CR: Speaking of comics, and your opening poem, “Press Continue,” how much of an influence is nerd culture on both personally and in your work?

Panama: There’s one line in “Family Values” that really rings true every time we say it together, and it really hits me, it’s “We were co-raised by television, comics, and movies.” As far as how we were both raised, pop culture has been this vehicle that’s allowed us to express ourselves through the stories of others. We’ve been able to find ourselves in the pages of Tolkien, or Stan Lee, or Jack Kirby. I mean, Spiderman was my guy – here’s a smart, nerdy kid whose family isn’t really the way that he wants it, but he’s still able to make it. And having cool superpowers is awesome, too. But those stories resonated with me, and we could both find ourselves in those pages.

Ken: It’s finding a space to belong in. If you don’t find that in real life, you find that with a superhero team that wants you to join it. Especially if you’re lonely or a latchkey kid. I’m just going to go on record and say I don’t think Tolkien is nerd culture, though. It’s the third highest selling book in human history. There’s 500 million copies in print, that’s insane! Harry Potter might catch up to it one day, but at that point it’s stops being nerd culture and just becomes culture. There’s a sensibility in all that stuff, though, and it’s a viable space to find yourself in. I think that those kinds of nerdy things are going to be recognized more as real art in the future. A hundred years from now, people are going to study comics because that’s our modern mythology. People are already doing it, but I think that’s really important to look at.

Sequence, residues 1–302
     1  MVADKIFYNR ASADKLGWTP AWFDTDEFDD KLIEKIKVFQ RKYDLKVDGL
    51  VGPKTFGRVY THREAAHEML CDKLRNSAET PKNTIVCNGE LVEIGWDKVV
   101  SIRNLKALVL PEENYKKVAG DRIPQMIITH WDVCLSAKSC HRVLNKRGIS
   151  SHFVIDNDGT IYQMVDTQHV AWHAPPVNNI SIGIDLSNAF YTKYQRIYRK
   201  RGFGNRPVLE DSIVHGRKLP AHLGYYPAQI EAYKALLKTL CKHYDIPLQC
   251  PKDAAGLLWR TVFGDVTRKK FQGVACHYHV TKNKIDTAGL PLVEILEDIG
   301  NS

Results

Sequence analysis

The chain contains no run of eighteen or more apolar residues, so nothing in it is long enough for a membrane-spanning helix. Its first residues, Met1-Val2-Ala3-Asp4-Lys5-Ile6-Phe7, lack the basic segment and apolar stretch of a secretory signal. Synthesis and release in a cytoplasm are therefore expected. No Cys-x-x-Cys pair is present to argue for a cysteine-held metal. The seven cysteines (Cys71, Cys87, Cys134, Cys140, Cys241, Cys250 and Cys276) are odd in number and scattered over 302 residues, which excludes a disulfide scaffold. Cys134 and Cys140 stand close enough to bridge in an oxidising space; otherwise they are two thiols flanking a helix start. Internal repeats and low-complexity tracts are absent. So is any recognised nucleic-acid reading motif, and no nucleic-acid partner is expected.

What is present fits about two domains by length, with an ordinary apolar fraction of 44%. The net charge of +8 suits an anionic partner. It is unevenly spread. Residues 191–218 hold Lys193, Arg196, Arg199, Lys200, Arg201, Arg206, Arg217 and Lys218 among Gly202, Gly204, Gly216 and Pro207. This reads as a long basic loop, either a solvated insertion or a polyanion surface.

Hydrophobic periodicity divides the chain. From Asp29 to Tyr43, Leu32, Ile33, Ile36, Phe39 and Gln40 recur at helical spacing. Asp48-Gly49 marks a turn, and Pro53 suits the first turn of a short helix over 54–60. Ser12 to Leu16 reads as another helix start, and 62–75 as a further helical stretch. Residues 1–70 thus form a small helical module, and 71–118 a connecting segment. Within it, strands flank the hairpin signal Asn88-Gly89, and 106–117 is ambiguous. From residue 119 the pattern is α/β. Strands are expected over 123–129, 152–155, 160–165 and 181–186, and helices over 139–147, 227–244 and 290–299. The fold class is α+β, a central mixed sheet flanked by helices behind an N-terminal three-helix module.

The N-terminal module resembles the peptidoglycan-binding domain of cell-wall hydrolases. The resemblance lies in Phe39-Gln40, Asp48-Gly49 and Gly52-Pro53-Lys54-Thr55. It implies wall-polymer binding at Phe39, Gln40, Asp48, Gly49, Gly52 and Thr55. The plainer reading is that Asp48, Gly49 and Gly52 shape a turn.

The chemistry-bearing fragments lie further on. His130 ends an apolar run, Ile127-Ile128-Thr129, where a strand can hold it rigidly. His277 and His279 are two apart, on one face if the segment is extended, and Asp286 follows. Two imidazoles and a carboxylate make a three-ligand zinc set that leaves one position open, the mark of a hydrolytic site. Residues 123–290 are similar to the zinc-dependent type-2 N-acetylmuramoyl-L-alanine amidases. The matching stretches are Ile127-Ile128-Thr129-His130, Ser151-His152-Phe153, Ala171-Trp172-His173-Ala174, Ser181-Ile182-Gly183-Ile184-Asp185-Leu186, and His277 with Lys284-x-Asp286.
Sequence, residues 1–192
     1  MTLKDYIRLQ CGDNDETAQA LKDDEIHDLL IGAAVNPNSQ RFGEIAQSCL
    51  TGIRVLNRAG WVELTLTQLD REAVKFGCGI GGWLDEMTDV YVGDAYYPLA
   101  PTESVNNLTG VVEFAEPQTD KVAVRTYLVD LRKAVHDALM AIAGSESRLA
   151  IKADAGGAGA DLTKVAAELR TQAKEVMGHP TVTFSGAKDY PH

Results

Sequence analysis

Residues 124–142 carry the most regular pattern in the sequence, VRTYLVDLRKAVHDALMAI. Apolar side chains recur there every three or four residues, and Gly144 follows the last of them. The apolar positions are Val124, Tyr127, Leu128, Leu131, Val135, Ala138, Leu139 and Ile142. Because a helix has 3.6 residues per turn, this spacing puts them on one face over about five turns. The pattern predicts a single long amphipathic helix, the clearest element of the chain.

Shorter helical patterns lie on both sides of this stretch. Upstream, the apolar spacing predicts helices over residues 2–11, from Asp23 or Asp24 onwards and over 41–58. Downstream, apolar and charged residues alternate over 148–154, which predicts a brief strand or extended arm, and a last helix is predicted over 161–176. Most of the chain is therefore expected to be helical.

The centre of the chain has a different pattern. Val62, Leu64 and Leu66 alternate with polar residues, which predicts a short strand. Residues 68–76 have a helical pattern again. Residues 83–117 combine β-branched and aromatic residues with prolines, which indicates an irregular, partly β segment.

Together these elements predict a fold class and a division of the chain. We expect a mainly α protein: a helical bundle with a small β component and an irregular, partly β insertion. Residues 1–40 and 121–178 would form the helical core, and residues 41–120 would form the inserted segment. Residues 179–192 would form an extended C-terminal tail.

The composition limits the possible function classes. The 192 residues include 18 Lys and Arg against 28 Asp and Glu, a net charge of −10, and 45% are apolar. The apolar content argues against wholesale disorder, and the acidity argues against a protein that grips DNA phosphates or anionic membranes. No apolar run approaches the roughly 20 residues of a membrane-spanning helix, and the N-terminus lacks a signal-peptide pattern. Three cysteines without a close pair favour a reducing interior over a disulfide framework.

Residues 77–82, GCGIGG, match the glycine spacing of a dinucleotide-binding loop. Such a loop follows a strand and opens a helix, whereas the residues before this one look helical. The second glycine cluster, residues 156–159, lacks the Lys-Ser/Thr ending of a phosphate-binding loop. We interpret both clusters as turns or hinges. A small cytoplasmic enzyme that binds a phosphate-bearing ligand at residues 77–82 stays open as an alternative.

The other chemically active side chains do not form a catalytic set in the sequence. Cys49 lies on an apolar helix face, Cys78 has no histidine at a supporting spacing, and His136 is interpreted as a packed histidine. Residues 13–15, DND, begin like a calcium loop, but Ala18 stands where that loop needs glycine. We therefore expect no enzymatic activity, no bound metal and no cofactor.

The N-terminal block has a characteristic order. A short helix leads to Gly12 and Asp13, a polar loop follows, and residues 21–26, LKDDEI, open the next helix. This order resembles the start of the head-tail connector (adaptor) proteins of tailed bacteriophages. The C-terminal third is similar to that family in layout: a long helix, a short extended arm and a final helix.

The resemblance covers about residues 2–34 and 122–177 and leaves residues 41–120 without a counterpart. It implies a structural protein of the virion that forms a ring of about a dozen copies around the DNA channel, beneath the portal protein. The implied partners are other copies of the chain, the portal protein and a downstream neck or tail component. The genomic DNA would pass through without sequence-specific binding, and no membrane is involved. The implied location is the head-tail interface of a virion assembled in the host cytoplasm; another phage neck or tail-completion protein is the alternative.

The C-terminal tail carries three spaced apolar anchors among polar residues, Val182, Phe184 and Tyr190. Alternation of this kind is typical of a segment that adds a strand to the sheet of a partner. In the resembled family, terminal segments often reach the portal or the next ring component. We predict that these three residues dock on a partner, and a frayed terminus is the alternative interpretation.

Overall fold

CR: What do you think of differences between poetry spoken out loud and poetry printed on a page?

Panama: Oh, you want to start that war? I think there are some viable differences, and there have been some pretty heated debates between the academic world and the performance world as far as poetry is concerned. I think they’re two different, very distinct art forms. I think what a good performance poet does is focus on both accessible writing and stage presence, and what I think the academic poet does is focus on being clever and things like figurative language and the writing process. I think that’s cool, but I don’t think that they both do the same thing. I like both for different reasons. While I like watching a video by Andrea Gibson on YouTube, I still like picking Whitman, or Maya Angelou, or Zora Neal Hurston or whoever I’m into at the time. They’re two different art forms and people who focus on whatever one’s better isn’t looking at it with a wide enough view.